After creating the group we will jump into the group automatically. To move in and out of the group press Tab. If we have a group node selected Tab will toggle us in and out of it.

After we created the group you will see that we get two more nodes. One “group input” and one “group output”. Here we connect any input or output to create connection points for other nodes. This is how the nodegroup communicates with the outside world.

Keep in mind that there are only inputs and outputs that can communicate outside the group. Any parameter that does not have an input or output socket can’t be set outside the group. 

For example, we can’t change what image to use in the image texture node from outside the group. Same with the blend mode of the mixRGB node etc.

Let’s take a look at the input and output options now. To create an input or output. Make a connection between the transparent socket and the desired socket of any node. 

After the socket connects we will have access to a new tab on the right side panel. Toggle it with “n” and find the “node” tab. Note that we need at least one input or output connection for the node tab to appear.

You can add inputs by clicking the plus button in the panel interface. However, this way we can only create single value entries to the lists. To add a color or vector slot, we need to drag and drop a connection to either the output or the input node.

On rare occasions you might want to have a non-matching input or output. For instance, you want a purple vector slot on the input side of the node. Then you want it to directly connect to a yellow color input inside the nodegroup.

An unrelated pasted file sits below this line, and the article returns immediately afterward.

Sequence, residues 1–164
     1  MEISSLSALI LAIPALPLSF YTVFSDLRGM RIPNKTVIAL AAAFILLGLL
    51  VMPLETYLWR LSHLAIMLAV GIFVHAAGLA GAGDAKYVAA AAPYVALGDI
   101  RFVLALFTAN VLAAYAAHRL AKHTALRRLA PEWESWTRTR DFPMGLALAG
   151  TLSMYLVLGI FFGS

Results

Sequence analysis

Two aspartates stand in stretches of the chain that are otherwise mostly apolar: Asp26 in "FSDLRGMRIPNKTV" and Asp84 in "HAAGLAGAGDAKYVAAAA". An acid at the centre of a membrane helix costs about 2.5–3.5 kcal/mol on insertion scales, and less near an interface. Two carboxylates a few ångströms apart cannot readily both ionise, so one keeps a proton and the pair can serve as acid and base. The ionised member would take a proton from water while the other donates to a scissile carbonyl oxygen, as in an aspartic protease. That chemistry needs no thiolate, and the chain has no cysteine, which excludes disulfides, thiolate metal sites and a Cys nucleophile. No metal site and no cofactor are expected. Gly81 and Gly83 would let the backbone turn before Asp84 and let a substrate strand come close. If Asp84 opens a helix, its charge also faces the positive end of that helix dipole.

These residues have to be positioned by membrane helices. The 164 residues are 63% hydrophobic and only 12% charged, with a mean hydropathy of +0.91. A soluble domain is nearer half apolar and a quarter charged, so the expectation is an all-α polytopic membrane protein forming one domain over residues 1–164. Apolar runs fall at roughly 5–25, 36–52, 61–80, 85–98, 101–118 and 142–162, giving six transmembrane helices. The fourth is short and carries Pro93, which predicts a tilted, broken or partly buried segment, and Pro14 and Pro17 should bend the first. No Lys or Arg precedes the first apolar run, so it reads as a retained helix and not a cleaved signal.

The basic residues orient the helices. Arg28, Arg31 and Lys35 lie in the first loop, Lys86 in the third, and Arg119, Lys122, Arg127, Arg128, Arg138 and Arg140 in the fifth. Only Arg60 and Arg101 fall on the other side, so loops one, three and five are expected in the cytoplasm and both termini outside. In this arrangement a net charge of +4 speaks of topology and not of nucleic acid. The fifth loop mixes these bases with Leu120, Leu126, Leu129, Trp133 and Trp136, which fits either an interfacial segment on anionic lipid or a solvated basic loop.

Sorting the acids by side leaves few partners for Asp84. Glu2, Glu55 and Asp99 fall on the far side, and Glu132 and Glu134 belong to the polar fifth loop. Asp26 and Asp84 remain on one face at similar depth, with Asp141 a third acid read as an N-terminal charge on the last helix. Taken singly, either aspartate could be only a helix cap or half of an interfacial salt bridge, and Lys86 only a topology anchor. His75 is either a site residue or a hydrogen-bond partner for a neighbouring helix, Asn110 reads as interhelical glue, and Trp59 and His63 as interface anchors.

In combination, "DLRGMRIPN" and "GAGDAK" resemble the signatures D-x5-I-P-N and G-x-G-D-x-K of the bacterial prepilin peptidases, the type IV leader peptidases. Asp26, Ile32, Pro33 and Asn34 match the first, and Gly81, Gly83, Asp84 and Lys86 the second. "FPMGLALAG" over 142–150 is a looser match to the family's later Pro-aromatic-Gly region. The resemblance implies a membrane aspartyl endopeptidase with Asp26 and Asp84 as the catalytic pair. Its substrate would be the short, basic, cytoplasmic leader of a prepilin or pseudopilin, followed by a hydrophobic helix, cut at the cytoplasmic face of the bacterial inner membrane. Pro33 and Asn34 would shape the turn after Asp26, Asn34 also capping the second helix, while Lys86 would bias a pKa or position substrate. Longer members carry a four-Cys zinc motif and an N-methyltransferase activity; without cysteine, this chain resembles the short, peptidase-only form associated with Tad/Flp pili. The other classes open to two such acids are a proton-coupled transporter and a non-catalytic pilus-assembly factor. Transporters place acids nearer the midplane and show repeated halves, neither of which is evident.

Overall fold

In that case you can just drag and drop any input or output to it’s corresponding node and disconnect. The socket will then remain in the corresponding input or output node.

If you connect vectors and colors together, keep in mind that vectors can hold values that are negative. Colors generally stay as a positive value and mostly between 0 and 1 with HDRIs as the exception.

On the right side panel we can also name any socket, set a default value and a max or min in the case of vectors and fac sockets.

If we create a node group with only one node, all the inputs and outputs will be automatically connected for us. We can try this by selecting the principled BSDF and hit Ctrl+g.

You can also ungroup a group. This is oddly enough available as a command in the add menu. Ungrouping a group does not remove a group from the blender file. Instead, it takes the currently selected node group and moves the nodes inside it out to the parent node group or node graph.

That brings us to the next section. Nesting.

Nesting nodegroups

We can add a nodegroup into another. We call this nesting or nested nodegroups.

When you are inside a nodegroup, you can add another node group inside it just like you would any other node.

Keep in mind that you can not add a nodegroup to itself. You can also not add the parent node group into the child node inside it.

This is by design so that we can’t create an endless loop inside our material.

To navigate multiple layers of node groups can be tricky at first. What you need to keep in mind is that you will tab in and out of the selected node group.